Penny Arcade

I put my hair up in a purple headscarf. The metronome of the water droplets from the faucet in the bathtub stopped me from drifting off during my bath. The ends of my curls were wet and my heart felt like a million bubbles exploding every time I heard an outside sound.

Shivering, but not from the cold. The feeling of my pulse in my throat, closing in from the steam, surrounded by warmth and security. Lavender fills my senses, stinging my eyes and nose and forcing my brain to think. Epsom salt scratched my legs and back with every movement of the water. One thought still roamed my mind: the thought that maybe being mad with everything is unnecessary; why be mad with everything when you could figure out how to express what’s making you be in an emotionally hollow mood in the first place? Calm down, take a deep breath; you are in your happy place.

In the summer of 2021, my mother had the brilliant idea to haul our family from Missouri to Colorado Springs for a family vacation. The heat in Missouri was brutal, and together we agreed that we had had enough of it. I was personally done with summer already, and some of the last trees in the forest near my house still held their lifeless color from the winter, yet it was so already unbearably hot that it would make sense that some of the trees looked as if they hadn’t had a drop of water in years.

I worked at a locally-owned sub Shop called, Sub-Shop. It was a nasty little old building that, “used to be a Taco John’s back before you were born,” said every older adult that set foot at the register before ordering their over-complicated sandwich. 

Now I want that double toasted. Not toasted once, not toasted three times, toasted twice. Oh! And extra mayo.

But instead of at the register, I engage in a rebellious act by lying down in the back seat without a seatbelt. Now before you care to judge, we had made it to the back roads amongst the many highways in Colorado for some “educational scenery.” Which in reality were piles of dirt, trailers, Trump signs, and the reflection of my Jackson 5 nostrils in the minivan window.

Are we there yet?”

The thing about Colorado is it’s kind of the opposite of what it promises to be. Potheads aren’t on each corner sharing a joint amongst new strangers. Weed doesn’t grow on the side of the highway, and as many mountains, as there are, not many people seem to live in the mountains. At least where we were. Just expensive, unseasoned food, middle-aged liberal white people, and weirdly enough, more mountains. Our hotel was right down the street from a penny arcade. The typical tourist attraction. I had felt particularly lonely that summer, so I decided to branch out and try dating apps. I was unsuccessful in Missouri, for my standards were too high to be able to date a country boy. I had already dated one in my life, and that was enough. During all the commotion, through all of the bitter conversations between my mom and Nana, I met a boy named Ben.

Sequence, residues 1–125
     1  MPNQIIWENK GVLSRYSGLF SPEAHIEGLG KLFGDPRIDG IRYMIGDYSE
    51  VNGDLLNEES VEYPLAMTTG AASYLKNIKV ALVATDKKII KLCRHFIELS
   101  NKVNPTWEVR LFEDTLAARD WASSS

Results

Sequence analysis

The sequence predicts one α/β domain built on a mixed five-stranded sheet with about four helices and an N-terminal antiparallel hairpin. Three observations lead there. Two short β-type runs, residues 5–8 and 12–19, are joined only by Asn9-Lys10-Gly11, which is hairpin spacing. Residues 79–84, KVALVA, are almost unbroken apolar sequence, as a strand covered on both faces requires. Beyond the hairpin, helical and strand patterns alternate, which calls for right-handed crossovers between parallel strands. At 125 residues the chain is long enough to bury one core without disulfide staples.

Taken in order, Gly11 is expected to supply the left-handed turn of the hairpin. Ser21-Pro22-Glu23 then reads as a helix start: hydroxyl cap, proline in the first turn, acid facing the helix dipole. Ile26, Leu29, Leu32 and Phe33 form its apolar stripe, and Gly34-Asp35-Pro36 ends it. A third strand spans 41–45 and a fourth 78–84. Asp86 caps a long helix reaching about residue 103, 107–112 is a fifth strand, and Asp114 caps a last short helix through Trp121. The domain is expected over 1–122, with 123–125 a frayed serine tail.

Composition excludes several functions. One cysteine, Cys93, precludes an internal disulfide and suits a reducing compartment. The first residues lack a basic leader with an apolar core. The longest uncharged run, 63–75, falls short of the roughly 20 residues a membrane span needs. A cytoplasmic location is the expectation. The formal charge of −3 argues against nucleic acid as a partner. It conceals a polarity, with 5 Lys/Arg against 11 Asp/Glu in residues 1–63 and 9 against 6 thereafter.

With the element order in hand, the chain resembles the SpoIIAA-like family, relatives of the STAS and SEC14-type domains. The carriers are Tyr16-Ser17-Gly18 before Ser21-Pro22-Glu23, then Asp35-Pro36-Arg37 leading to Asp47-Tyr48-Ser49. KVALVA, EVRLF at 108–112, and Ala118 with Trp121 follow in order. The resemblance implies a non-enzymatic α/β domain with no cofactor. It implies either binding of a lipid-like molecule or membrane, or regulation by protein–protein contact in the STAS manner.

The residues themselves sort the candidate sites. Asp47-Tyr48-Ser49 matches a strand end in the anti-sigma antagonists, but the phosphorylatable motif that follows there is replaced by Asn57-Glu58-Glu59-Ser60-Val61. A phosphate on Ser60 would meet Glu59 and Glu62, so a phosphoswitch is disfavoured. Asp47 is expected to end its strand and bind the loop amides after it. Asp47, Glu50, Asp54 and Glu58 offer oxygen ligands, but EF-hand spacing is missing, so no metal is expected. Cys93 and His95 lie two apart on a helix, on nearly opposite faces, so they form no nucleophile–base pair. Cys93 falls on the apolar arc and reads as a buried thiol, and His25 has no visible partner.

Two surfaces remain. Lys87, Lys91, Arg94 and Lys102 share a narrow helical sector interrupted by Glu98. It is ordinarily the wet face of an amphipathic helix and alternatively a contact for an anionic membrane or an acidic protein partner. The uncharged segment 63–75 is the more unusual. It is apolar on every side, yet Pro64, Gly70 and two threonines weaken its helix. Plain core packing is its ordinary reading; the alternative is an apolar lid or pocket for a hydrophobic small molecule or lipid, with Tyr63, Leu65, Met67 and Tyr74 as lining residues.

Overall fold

You know the typical online dating routine. Match with a random person, send a flirtatious “hey” and wait. Ben and I eventually swapped numbers after matching and began talking every day of my vacation. By the time I had gotten comfortable enough with the situation, we decided to hang out the night before I was going back home. I introduced the idea of going to the penny arcade down the street from the hotel. He agreed and it was set. I was going to meet this boy at an old arcade in the middle of colorado. 

I could tell that he was a shy person from when he got out of his car. But when he saw me, some of the awkwardness went away. He held the back of his neck with his right hand and stuck the other in his pocket. We exchanged some awkward “hellos.” At first, he barely looked at me, and I occasionally caught him staring out of the corner of my eye. The feature that drew my attention was his eyes. So captivating that once I stared into them, the world around me disappeared. Chestnut brown I remember. Rich like chocolate and soft as bear fur. They were so full of warmth and safety, yet looked so tired. We didn’t play many games that night. I had already spent a majority of the quarters my mother had given me and tickets to cash in for a crappy prize. We just walked and talked, while I carried the bulky box of my toy police light that my pet rabbit ended up chewing the cord to, on the first day we got back home.